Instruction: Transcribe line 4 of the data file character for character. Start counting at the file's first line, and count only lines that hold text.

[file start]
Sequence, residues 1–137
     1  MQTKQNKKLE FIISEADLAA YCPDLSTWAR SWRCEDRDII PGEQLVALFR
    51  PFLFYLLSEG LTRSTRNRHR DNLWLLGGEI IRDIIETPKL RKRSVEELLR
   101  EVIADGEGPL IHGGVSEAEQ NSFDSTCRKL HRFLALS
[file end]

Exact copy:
   101  EVIADGEGPL IHGGVSEAEQ NSFDSTCRKL HRFLALS